Sighing, I tore it open, expecting the usual: Thank you for your submission. Unfortunately, we do not feel it is right for our publication. We wish you the best of luck placing it elsewhere. These form rejection letters are unsigned and grainy from years of having been photocopied off other yellowing photocopies of the first form rejection letter ever written, no doubt penned and printed by Gutenberg himself. Like most professional writers, I’ve received more than my fair share of them.


What I found inside, however, was something altogether different. In my hands was the same query letter I’d mailed out only days earlier. Right underneath my signature, the editor had written in two-inch-tall block letters with a red Sharpie marker: NO!


It’s difficult to describe what went through my mind and in what order. I remember an initial flash of mortification, looking around to see if someone was filming my reaction for an updated Candid Camera series, and finally, righteous indignation. Would it have killed the editor to have been polite? After all, he’d solicited submissions in Novel & Short Story Writer’s Market. Why respond like I’d shown up selling vacuum cleaners door-to-door just as dinner was being put on the table?


Rejection sucks in general, but it especially blows when delivered by sucker-punch from a decidedly mediocre publication. My good friend, Erin, a talented poet, shared her own frustration when her work was rejected by another “literary” magazine that was—I kid you not—printed on typing paper and then crookedly stapled with such amateurish aplomb that it made me, a former print production manager for a Fortune 500 company, want to throw its editors into a cage and spray them with a fire hose until they screamed for mercy. At least they’d had the decency, however, to be polite to her.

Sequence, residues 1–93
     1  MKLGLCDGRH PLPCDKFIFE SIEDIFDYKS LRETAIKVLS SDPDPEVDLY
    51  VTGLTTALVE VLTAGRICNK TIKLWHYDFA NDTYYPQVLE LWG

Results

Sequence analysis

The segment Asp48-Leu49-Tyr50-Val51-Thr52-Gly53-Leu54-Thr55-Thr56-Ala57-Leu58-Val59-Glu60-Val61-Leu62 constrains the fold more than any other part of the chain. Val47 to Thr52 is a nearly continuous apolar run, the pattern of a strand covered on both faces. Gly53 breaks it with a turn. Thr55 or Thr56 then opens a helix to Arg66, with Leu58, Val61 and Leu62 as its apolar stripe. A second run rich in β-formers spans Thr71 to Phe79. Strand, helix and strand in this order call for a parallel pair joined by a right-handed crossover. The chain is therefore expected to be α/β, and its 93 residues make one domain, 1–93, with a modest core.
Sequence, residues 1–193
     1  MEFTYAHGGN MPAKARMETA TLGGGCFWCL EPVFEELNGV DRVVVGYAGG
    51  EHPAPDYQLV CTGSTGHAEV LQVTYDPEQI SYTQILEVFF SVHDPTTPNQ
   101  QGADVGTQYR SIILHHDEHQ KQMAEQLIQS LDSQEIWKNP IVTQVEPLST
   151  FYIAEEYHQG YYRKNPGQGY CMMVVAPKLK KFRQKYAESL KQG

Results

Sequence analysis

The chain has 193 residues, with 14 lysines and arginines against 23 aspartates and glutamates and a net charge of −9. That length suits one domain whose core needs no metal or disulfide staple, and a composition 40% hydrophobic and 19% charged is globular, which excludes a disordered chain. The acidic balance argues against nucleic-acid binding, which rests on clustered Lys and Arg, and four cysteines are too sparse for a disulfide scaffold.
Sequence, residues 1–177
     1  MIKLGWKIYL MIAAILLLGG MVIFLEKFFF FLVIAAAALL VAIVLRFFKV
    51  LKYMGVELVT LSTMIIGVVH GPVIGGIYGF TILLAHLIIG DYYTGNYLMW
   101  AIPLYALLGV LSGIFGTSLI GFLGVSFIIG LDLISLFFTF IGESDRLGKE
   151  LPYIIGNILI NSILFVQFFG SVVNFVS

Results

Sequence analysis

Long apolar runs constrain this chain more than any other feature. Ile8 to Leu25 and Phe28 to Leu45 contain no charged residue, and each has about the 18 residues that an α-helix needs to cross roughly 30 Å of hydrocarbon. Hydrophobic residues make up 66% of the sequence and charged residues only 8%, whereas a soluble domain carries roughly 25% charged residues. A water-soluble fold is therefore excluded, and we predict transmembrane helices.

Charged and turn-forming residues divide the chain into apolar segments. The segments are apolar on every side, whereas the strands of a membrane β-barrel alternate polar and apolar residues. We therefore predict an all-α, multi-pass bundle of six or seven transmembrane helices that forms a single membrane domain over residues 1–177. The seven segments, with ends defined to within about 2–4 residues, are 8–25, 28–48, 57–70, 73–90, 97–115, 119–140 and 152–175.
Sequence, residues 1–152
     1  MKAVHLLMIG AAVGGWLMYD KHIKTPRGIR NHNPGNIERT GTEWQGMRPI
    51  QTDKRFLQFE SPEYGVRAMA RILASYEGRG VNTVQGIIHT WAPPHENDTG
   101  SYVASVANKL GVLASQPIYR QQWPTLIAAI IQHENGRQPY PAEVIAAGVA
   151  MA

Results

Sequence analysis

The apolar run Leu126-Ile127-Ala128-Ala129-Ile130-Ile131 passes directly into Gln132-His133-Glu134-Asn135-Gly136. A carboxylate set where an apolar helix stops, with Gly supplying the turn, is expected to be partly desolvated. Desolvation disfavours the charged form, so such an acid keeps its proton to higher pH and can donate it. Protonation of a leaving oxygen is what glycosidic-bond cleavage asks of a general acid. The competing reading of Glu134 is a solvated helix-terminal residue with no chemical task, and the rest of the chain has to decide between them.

This is where I (hopefully) impart some creative inspirational wisdom as a takeaway from this mock-horror story. Another good friend and connoisseur of ironic meditations, Tim, posted a meme on Facebook a few months ago containing a variation of the Latin phrase “Illegitimi non carborundum.” Loosely translated, it advises not letting those not-so-nice folks succeed in discouraging one’s efforts—good advice, even if stated in a somewhat mysterious and indelicate way. (Google it for the actual translation, but not in the company of those with fragile sensibilities.)


Here are some practical steps to take with your own rejection letters, based on my ample experience:

  1. Read them.
  2. If they say something useful, consider the advice. Such feedback is rare!
  3. If they don’t say something useful, shred them.
  4. Better yet, line a cage with them and allow a bird to “critique” them.
  5. Or ceremoniously burn them, if you’re into that kind of thing.
  6. Then, for the love of all that’s creative, move on! That’s what I did.


Illegitimi non carborundum, folks. Keep on creating!

Kathleen Powers-Vermaelen, M.F.A., has had work published in several literary magazines and anthologies. Her book, Publicize This! Promoting Your Group or Nonprofit on a Limited or Nonexistent Budget, was published in 2014. An NLAPW member at large, she teaches literature and writing at Suffolk County Community College on Long Island. This post is an adaptation of another published on October 1, 2014, at her author blog.


WANTED: GUEST BLOGGERS! Pen Women are invited to submit guest posts for two new series: Creative Inspirational Wisdom and It’s A Creative BusinessPlease visit this link for more details. We look forward to reading your material!